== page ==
And about including representation in your reviews: I think it’s important, but not important. OF COURSE it’s important to see representation in books and see diverse and marginalized people repped, but at the same time, people shouldn’t read books JUST for the rep??? In my opinion, of course. I think diversity shouldn’t be used as a concept that decides for you whether or not you’ll read the book. OF COURSE rep is significant in books, but it shouldn’t change your opinion in any way? Yes, you can of course talk about in your review the lack of diversity, or the “abundance” (idk how else to describe it haha) of it, but that shouldn’t make you more or less want to read it (unless it’s bad rep). You should want to read the book for OTHER reasons than diversity — tho it IS good to expand your horizons.

    Wow, this comment was all over the place and I REALLY don’t know what I’m saying??? XD Great post! ❤

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    1. I feel like maybe people don’t really want a straight person’s opinion because it gets heard anyways and more likely than that of a LGBT community member and in cases of talking about their representation they deserve to be loudest of them all.

      I feel like knowing that there is diversity might be the factor that would tip someone’s scale towards wanting to read a book instead of maybe skipping it. I feel like I would probably be more likely to pick up a book if I knew that I (as a minority if I were one) was represented in any kind of way, so I do understand why someone would make diversity an important decision maker for them.

      I’m so glad you enjoyed the post, May!

      Liked by 1 person

  2. It’s a point of my life. I cannot ignore representation, if I tried. I’m part of three groups: black, bi, and bipolar, which fight for representation on the page and screen. It’s a major part of my life.

    However, discussing representation isn’t hard as long as you’re willing to listen without thinking you know more than the given group.

    Take your time and educate yourself. The difficulty ceases.

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    1. I feel like I definitely try and listen to members of any given community and try to educate myself that way rather than thinking that I know everything – because I know I don’t.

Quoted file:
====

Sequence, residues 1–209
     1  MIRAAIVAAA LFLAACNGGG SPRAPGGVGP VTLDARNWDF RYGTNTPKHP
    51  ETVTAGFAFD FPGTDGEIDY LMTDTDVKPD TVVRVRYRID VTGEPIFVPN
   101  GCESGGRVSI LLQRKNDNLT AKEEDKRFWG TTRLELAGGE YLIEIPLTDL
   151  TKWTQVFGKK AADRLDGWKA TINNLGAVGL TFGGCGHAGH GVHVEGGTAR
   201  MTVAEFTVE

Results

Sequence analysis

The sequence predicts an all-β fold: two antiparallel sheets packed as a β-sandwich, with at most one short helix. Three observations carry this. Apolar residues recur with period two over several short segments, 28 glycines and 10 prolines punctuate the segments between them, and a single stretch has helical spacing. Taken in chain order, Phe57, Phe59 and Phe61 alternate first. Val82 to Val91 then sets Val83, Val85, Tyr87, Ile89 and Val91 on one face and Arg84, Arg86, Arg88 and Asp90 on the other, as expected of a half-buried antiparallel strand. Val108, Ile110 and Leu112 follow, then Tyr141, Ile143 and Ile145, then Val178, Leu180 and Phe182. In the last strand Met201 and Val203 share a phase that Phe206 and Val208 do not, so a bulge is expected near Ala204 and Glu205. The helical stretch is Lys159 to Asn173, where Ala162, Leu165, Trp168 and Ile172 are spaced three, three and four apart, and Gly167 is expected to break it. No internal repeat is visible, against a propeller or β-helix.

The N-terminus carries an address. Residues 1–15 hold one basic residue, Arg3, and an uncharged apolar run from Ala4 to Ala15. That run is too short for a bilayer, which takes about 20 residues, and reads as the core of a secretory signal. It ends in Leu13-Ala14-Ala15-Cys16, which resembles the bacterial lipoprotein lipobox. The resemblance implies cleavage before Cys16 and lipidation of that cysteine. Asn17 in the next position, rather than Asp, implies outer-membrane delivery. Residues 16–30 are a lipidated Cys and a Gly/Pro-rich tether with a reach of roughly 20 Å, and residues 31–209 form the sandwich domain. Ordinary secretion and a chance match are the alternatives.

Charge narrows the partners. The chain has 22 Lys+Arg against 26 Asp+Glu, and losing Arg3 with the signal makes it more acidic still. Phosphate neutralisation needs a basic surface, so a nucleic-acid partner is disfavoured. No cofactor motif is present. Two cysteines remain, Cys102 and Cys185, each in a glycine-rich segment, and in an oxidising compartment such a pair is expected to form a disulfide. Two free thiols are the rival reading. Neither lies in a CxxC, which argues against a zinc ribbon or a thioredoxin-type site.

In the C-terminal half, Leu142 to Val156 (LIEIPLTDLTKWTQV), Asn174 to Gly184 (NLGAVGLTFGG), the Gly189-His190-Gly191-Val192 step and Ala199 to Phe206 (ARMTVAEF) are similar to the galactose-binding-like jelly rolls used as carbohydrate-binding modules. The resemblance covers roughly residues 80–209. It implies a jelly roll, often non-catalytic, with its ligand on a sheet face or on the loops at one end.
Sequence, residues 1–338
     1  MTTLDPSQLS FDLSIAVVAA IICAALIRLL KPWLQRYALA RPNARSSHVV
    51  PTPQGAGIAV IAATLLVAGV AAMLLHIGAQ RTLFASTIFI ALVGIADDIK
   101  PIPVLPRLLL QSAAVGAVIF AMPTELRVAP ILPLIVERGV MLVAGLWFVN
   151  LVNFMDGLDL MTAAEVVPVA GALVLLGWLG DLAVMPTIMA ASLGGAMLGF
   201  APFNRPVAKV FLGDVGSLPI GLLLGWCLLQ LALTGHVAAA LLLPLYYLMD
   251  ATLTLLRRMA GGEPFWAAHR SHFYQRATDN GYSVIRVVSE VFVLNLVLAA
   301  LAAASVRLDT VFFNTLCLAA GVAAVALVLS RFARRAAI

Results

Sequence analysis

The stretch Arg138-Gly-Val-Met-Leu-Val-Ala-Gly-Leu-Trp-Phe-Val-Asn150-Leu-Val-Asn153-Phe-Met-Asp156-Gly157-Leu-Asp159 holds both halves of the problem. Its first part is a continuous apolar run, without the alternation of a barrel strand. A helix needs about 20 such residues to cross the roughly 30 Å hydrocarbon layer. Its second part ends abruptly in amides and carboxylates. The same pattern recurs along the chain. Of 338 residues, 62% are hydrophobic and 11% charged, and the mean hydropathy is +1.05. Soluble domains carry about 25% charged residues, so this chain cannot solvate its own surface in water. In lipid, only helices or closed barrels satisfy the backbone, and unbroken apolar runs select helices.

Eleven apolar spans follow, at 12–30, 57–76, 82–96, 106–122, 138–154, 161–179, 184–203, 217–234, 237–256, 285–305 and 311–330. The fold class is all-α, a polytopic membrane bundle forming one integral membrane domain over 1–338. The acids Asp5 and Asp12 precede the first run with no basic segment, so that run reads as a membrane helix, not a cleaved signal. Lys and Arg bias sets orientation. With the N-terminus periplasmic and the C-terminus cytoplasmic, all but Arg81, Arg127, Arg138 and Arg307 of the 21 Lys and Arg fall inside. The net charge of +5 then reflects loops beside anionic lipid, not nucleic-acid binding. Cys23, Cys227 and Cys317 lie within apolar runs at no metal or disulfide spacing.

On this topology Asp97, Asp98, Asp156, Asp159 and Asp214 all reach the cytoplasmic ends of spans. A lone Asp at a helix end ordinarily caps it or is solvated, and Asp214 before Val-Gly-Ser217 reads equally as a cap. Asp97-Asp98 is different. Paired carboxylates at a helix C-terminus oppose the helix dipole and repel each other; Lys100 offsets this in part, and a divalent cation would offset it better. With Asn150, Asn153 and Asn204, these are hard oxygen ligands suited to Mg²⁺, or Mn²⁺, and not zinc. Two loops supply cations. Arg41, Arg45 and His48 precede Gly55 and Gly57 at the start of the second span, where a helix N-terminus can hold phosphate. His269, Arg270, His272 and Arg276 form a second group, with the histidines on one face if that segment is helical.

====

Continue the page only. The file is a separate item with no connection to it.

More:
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  3. Hi! This is definitely an interesting but tough topic to talk about. In my book reviews, I often give credit to books that include diverse characters, such as characters who are LGBT or are of racial minorities. At the same time, like you, I don’t feel comfortable enough elaborating on how these characters are represented, because I don’t know enough about how it is like to be in that minority group, unless it is one that I am part of. For example, I have no problem talking about Asian or Chinese characters (since I am Chinese myself) but I’ll have trouble commenting about representation of characters who are deaf, or gay, or have a mental illness. And I think having that discomfort is appropriate, because we don’t understand what it is like to be a person of those circumstances, and it would be inappropriate to assume that we do.
    Love this discussion post 🙂

    Liked by 1 person

    1. Yeah, whenever I do mention and talk about diverse aspects of a book, I always also make sure to say that I DO NOT want to talk about how well representation is done for any particular group because I don’t have their sort of experiences.

      Thank you, I’m really happy to hear you that you enjoyed this discussion! I was a bit worried about posting it initially.

      Liked by 1 person

      1. Absolutely agree 🙂
        I find that some of my best blog posts are ones that I was initially worried about posting 🙂 it’s a good sign because it means that whatever we are writing is original and a bit out of our comfort zone!

        Liked by 1 person